Never satisfied

According to Vatican Saying 59 (quoted below), if we eat too much it is not our stomach’s fault but our fault for having exaggerated ideas of how much our stomach needs.

This view is connected with the Epicurean doctrine of limits. The idea of limits is explained by a number of basic principles, which might be expressed as follows: (1) as living organisms we have needs and desires which we understand in terms of pleasure and pain; (2) for well-being and happiness we must satisfy our needs appropriately; (3) nature supplies what we need; (4) what we need is easy to get; (5) there are limits to what nature supplies; (6) there are limits to what we need; (7) we are inclined to desire too much; (8) accordingly we need to impose limits on our desires; (9) if we observe natural limits we can achieve settled pleasure and thus happiness; (10) if we desire too much (thinking that excess will give us happiness) we will cause ourselves unnecessary pain and distress (and thus bring on ourselves unhappiness).

Desires that do not accord with natural limits reflect ‘empty opinions’ or ‘false expectations’ (κεναὶ δόξαι). These are wrong conclusions that we can draw about our needs and resources. The evidence available to us is clear in nature, but we can form false opinions about it, and as a result give ourselves trouble and unhappiness. Philosophy enables us to interpret the evidence rationally and adjust our thoughts and behaviour to the demands of reality.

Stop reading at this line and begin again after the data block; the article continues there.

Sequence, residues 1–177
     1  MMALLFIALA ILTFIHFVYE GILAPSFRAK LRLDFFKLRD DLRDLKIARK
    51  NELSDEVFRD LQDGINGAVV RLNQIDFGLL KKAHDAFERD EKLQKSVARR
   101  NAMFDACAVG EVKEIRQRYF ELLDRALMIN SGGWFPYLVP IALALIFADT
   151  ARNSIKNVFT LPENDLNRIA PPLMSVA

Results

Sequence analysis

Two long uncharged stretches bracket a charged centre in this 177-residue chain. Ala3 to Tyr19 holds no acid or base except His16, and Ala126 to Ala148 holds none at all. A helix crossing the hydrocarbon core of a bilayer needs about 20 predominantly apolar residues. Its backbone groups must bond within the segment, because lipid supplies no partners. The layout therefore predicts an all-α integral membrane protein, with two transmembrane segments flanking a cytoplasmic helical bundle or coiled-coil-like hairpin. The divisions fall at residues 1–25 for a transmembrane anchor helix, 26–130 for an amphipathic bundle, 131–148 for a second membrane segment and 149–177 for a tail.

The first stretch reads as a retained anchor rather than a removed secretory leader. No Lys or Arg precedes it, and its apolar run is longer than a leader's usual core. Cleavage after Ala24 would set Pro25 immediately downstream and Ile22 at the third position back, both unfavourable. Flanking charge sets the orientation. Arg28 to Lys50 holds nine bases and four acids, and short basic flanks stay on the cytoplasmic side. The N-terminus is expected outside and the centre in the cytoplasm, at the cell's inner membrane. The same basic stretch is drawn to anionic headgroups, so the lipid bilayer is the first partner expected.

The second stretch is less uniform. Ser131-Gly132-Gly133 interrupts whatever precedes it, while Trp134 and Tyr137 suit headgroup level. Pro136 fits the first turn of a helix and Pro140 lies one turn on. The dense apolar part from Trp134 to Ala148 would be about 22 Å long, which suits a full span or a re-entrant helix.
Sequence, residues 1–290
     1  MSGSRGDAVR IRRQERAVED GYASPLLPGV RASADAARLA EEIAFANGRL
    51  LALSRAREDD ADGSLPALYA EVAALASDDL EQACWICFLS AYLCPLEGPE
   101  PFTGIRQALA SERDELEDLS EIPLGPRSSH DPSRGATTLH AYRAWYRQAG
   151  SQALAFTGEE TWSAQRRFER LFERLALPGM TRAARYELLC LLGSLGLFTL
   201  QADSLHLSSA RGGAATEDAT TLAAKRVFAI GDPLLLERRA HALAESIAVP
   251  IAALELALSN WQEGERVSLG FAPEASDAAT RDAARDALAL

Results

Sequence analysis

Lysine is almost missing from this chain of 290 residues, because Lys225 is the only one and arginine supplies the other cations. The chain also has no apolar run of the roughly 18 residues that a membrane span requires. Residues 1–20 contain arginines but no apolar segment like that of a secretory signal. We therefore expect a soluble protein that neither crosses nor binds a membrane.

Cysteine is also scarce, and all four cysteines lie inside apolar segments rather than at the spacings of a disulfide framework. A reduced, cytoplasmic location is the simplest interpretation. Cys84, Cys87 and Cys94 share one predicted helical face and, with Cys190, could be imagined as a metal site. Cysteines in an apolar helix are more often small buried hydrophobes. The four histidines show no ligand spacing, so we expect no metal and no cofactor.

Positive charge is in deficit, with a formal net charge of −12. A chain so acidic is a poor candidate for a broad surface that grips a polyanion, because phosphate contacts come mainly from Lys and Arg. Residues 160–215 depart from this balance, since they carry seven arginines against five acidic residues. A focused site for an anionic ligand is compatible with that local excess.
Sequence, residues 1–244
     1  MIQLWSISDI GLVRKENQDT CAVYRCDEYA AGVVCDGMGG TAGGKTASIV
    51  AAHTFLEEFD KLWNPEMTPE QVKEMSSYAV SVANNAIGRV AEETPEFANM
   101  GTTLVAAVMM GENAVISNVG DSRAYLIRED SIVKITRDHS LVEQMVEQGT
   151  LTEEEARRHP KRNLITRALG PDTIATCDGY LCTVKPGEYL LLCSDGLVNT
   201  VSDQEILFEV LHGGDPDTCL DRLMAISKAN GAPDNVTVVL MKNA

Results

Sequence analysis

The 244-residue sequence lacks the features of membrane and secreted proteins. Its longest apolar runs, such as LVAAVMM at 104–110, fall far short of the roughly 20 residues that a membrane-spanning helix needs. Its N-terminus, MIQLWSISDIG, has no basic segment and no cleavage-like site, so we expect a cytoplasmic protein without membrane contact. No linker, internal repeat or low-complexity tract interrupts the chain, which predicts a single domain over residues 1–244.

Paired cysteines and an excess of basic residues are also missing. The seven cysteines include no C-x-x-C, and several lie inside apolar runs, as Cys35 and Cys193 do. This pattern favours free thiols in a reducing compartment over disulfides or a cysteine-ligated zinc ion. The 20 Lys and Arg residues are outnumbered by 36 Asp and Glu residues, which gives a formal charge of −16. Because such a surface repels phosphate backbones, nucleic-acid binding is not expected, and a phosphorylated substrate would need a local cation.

These questions are illuminated by a range of Epicurean sayings. Principal Doctrine 15 sums up the matter succinctly:

The wealth of nature is both limited and easily obtained; the wealth of false expectations goes on and on to infinity.

Other relevant sayings include: Principal Doctrines 3, 8, 10, 18, 20, 21, 22, 24; Vatican Sayings 21, 26, 29, 30, 33, 37, 68, 69, 71.

Thoughts for the Day, September 14: ‘It is not (as most people say) the stomach that is never satisfied, but an expectation – a false expectation – that an unlimited amount is needed to fill a stomach.’ (Vatican Sayings 59.)

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